Two thirds, 66 percent, of the Palestinians polled in the West Bank and Gaza believed that the current Israeli government will annex territory in the Jordan Valley and the settlements throughout the West Bank, according to a survey to be published on Wednesday.
The survey, in which the Palestinian Center for Policy and Survey Researchwhich polled 1,200 adults in 120 locations in the West Bank and Gaza, found that 28 percent of those asked believed that annexation would not take place.
When asked how the Palestinian Authority should respond to annexation if it happens, 31 percent favored returning to armed struggle, 23 percent called for a return to negotiations based on a Palestinian counter-proposal to U.S. President Donald Trump’s peace plan, 18 percent supported a non-violent struggle and 15 percent said the response should be to abandon the Oslo Accords and cut ties with Israel. Only 6 percent said the two-state solution should be replaced by a one-state solution.
When asked how they expected the world to respond if annexation took place, responses were pessimistic – 63 percent said they did not expect Jordan to break its peace agreement with Israel and 70 percent said that they did not expect either Jordan or Egypt to recall their ambassadors. According to the survey, the Palestinians believe they can’t rely on the Europeans – 78 percent said they did not expect European countries to impose sanctions on Israel and an equal percentage said they did not expect the Gulf States to stop their normalization process with Israel in response to annexation.
Opposition to the Trump plan reached 88 percent among respondents, while 5 percent said they favored it. When asked whether they believed that Palestinian agreement to the “deal of the century” would lead to an end to Israeli occupation and the establishment of a Palestinian state, 57 percent said the chances were nil. Only 16 percent said they believed in a more than 50-percent chance of this happening.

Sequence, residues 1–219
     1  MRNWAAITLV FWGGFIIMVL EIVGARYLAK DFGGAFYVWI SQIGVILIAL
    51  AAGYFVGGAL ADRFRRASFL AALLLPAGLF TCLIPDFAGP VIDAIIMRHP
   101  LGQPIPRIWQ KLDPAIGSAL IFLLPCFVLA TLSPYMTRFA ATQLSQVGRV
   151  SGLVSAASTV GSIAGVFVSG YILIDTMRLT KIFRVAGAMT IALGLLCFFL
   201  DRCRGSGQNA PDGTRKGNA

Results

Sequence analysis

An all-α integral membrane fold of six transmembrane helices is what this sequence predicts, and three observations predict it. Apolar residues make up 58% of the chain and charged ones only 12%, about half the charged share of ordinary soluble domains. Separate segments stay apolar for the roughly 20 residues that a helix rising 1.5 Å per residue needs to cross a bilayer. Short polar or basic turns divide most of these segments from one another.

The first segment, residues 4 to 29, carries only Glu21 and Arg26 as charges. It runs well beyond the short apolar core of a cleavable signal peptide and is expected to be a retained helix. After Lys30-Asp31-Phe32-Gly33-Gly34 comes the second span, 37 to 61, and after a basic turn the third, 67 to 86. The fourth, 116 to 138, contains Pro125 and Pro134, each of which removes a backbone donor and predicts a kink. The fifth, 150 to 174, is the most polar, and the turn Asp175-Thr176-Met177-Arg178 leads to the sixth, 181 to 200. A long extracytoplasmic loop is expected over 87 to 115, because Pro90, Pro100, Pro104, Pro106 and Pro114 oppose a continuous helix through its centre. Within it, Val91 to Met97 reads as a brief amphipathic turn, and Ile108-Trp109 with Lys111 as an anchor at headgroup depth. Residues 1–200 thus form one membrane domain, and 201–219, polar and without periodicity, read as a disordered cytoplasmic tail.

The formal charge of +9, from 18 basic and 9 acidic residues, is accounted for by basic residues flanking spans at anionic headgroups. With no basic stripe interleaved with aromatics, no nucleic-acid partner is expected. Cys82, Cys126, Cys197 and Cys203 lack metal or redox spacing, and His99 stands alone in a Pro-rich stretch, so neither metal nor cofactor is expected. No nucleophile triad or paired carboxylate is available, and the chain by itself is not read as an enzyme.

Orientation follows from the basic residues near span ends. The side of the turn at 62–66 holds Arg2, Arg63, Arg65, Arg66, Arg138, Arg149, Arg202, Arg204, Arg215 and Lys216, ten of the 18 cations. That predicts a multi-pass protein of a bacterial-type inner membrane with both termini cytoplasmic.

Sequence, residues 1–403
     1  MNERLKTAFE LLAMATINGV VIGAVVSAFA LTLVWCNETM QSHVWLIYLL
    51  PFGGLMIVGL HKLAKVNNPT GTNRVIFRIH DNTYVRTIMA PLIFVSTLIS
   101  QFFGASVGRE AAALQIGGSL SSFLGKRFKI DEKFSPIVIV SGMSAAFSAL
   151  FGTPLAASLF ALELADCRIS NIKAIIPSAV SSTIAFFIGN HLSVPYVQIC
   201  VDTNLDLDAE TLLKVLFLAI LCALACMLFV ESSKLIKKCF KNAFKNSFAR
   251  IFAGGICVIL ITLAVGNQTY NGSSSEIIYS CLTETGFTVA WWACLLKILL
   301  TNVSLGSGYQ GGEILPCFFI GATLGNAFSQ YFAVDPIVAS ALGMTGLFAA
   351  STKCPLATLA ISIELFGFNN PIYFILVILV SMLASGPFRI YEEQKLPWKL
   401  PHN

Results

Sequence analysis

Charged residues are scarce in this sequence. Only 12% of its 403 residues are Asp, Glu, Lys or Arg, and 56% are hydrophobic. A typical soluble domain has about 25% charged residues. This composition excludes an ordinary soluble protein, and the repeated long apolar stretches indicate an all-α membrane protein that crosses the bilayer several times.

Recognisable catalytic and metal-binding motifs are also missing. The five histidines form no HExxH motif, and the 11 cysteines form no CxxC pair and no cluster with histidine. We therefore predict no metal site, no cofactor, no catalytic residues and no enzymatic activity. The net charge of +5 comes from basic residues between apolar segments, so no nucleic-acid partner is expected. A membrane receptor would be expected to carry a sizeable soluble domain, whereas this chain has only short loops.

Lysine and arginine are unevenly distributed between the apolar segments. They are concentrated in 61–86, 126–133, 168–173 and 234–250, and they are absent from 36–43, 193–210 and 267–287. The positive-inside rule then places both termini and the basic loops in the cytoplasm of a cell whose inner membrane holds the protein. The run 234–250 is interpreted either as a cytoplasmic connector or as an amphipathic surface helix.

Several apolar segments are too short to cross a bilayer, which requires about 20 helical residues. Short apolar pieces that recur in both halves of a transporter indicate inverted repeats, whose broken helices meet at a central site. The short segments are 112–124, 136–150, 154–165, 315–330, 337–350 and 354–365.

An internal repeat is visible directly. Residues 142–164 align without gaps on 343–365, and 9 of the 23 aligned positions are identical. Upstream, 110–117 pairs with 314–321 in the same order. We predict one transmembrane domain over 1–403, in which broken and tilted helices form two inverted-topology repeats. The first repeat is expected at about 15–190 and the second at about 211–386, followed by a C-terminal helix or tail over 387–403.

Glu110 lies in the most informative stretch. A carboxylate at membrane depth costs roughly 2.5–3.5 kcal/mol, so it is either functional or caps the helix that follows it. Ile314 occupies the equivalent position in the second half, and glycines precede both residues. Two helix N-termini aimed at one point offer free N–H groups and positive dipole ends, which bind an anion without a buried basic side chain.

Most of the respondents supported the PA cutting ties and ceasing security cooperation with Israel – 63 percent said they were in favor, while only 29 percent opposed it. However, 57 percent said they did not believe that the PA would really stop security coordination with Israel.
Still, a majority expressed concern over such a step. For example, 81 percent said they were worried that Israel would stop sending back tax money that it collects for the PA and as a result, the PA would not be able to pay salaries to civil servants. And 73 percent said they were concerned that people would not be able to go from Gaza or the West Bank to Israel for medical treatments, while 70 percent feared that electricity or water supplied by Israel would be cut off if ties were cut.
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Just under two-thirds, 65 percent, of respondents said they were worried over a renewed outbreak of violent clashes with Israel. Half of those surveyed said they believed the PA would give in and go back to security cooperation if Israel said it intended to reassert full military control over the West Bank.
At the same time, the survey showed somewhat less of a sense of dissatisfaction with Palestinian President Mahmoud Abbas – 58 percent said they wanted him to resign, while in a survey four months ago, that figure was 62 percent.